An Introduction to the Legal Profession
This article was written based on the information and opinions presented by Alexander Oddo in a CollegeVine livestream. You can watch the full livestream for more info.
Being a Lawyer
What do lawyers do? Lawyers represent clients — individuals, organizations, companies, institutions, and the public — and advocate on their behalf. This involves researching and interpreting past case law and current legislation to understand how to resolve legal questions and formulate a legal defense for their clients. The job of a lawyer is highly collaborative as lawyers work with clients, other lawyers, judges, law enforcement, expert witnesses, and members of the general public.
Skills That Lawyers Need
Lawyers need a combination of hard and soft skills to be successful. In terms of hard skills, they need to be adept at research, investigation, analysis, organization, writing, argumentation, and oral advocacy to synthesize information from a wide range of sources and construct complex legal arguments. In terms of soft skills, they need strong collaboration and negotiation skills and the ability to manage client relations tactfully.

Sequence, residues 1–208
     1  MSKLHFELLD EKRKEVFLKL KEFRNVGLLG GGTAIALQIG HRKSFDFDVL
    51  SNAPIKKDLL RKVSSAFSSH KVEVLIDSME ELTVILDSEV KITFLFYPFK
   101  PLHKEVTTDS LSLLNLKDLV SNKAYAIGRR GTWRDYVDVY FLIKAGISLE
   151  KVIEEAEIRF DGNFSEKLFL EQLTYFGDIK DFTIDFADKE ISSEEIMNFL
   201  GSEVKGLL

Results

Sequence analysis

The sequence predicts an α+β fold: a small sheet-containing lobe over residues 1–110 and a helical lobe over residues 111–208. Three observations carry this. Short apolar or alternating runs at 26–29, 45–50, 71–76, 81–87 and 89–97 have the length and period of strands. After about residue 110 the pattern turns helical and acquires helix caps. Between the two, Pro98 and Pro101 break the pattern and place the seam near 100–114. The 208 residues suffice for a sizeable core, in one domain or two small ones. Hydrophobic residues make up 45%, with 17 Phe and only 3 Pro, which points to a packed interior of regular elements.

Where Lawyers Work
There is a myriad of possible professional paths and job opportunities for lawyers across a wide range of industries. Lawyers can find work in large law firms; corporations; small businesses; nonprofits; educational institutions; local, state, and federal government; and state or federal judicial systems. They can also start their own private practice where they have more independence, control, and flexibility over who they represent and what cases they take on.
The average salary for a lawyer is between $51,000 and $158,000 a year, with some lawyers making less than $51,000 and some making well above $158,000. This is a broad salary range because there are so many different areas of the law and professional settings for lawyers. There are private firms that pay six- and seven-figure salaries and small nonprofits that pay $40,000 per year. If a lawyer starts their own private practice, their pay depends on the number of clients they have. Compensation also depends on location as legal positions in urban areas tend to pay higher than legal positions in rural areas.
For more information, check out this article on the steps you need to take from high school to become a lawyer.